A great, sad echo passed through an entire generation yesterday following the untimely death of Rik Mayall.
For many, too young for punk, he was their first introduction to genuine anarchy. As the self titled 'Rick' in the sitcom 'The Young Ones', Mayall alongside comedy sidekick Ade Edmondson and others paved the way for glorious schoolyard misbehaviour. It was one of the few television programmes made by the young for the young. A pure riot that stuck a glorious inverted two fingers up at their own corporation. Even today there has never been anything quite like it.
For Mayall, it was a genre he revelled in. Rather than satire something like a certain generation of British comedians, he just looked at his subject with an arched eyebrow and hit it over the head with a cricket bat. It would have been monotonous in any other hands, but with his comedy pal Ade Edmondson, the pair had a creativity for cartoon violence that was unrivalled. In their shared sitcom 'Bottom', they even managed a hint of genuine pathos in amongst the slapstick. Thrillingly for the viewer however, you always knew a glorious kick in the knackers was never far away.
Although these kind of roles were perfect for Mayall, he also showed a different side to his comedy skills too. In his brilliant portrayal of slimy politician Alan B'stard in ITV's 'The New Statesman' - he put a glorious skewer through the ideals of the Tory government with a knowing glee. Although still at his hurricane best, Mayall captured the slimy gait of a narcissistic politician perfectly. It was as close to derision as you could ever get. Bending the truth and a caricature through a comedy mirror until it's reflection had certain people at Whitehall laughing nervously at their own measurements.
It's to his credit too that Mayall is one of the few British comedians to have made a Hollywood role entirely his own. In 1991's 'Drop Dead Fred', he played an anarchic, imaginary friend from Phoebe Cates childhood returned to create chaos. It was a role that was originally turned down by Robin Williams and to his eternal credit Mayall didn't dilute his performance for an American audience. He turned it up to eleven. Whilst stateside critics despised it, audiences loved it. To this day it has one of the most bizarre Rotten Tomatoes ratings in the sites history, with 9% of film writers hating the picture compared to its rank opposite of a near 80% of it's paying custom. That in itself would have appealed to Mayall's brilliant gallows humour.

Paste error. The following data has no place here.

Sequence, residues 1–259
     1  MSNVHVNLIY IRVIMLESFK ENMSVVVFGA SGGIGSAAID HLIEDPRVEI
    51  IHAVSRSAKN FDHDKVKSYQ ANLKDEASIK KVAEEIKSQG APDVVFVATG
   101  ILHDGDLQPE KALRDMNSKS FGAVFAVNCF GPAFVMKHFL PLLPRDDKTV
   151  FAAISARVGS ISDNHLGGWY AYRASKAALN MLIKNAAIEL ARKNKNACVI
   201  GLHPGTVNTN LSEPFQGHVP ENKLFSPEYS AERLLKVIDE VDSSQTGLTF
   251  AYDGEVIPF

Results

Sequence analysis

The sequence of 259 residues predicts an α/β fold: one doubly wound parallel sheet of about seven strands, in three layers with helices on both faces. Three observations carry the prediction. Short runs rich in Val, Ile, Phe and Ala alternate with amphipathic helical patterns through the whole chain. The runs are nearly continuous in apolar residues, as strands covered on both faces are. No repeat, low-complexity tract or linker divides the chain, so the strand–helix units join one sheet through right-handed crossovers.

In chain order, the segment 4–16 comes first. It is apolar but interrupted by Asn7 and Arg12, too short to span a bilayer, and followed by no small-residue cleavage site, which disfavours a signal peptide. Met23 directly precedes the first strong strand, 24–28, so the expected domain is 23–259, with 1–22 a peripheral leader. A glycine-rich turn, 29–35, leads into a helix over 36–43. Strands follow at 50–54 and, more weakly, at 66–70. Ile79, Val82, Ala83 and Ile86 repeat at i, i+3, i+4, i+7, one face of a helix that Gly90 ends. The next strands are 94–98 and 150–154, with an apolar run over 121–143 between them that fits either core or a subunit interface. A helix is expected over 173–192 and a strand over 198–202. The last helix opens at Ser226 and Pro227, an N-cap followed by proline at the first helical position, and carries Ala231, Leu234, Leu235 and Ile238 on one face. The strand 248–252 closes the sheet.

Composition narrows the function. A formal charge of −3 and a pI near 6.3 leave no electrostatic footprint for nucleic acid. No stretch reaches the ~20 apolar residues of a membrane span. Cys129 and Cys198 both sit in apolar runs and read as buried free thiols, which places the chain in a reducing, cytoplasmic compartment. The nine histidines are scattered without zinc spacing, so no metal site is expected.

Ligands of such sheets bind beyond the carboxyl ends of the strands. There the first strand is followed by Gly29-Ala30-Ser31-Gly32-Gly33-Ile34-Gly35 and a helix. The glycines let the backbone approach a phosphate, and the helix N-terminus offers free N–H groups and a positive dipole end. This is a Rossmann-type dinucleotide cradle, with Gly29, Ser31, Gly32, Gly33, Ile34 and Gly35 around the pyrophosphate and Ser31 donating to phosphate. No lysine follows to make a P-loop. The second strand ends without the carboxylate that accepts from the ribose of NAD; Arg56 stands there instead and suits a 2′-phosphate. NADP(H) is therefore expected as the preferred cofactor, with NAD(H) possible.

That same twisted humour was never more evident following a near personal tragedy of his own. Following a quad bike accident during the Easter holidays in 1998, he had a near fatal accident. Induced into a coma for five days, he would eventually recover. When he did he displayed none of the soul searching or sympathetic tones usually displayed by performers returning from a near death experience:
'Jesus resurrected himself after three days and I resurrected himself after five,' he said. 'So you could say I beat Jesus 5-3'. In typical Mayall style he then cast that typical crocodile grin that the great British public fell on love with the first place.
On Monday the 9th of June that twisted sense of fun went to another place. Far too soon and far too unexpected. But in its wake is a legacy that inspired a whole generation of comics and crossed the age barriers of front rooms with absolute ease. Everyone in fact loved Rik Mayall. Absolutely everyone and despite all the sadness today, there's something truly wonderful about that.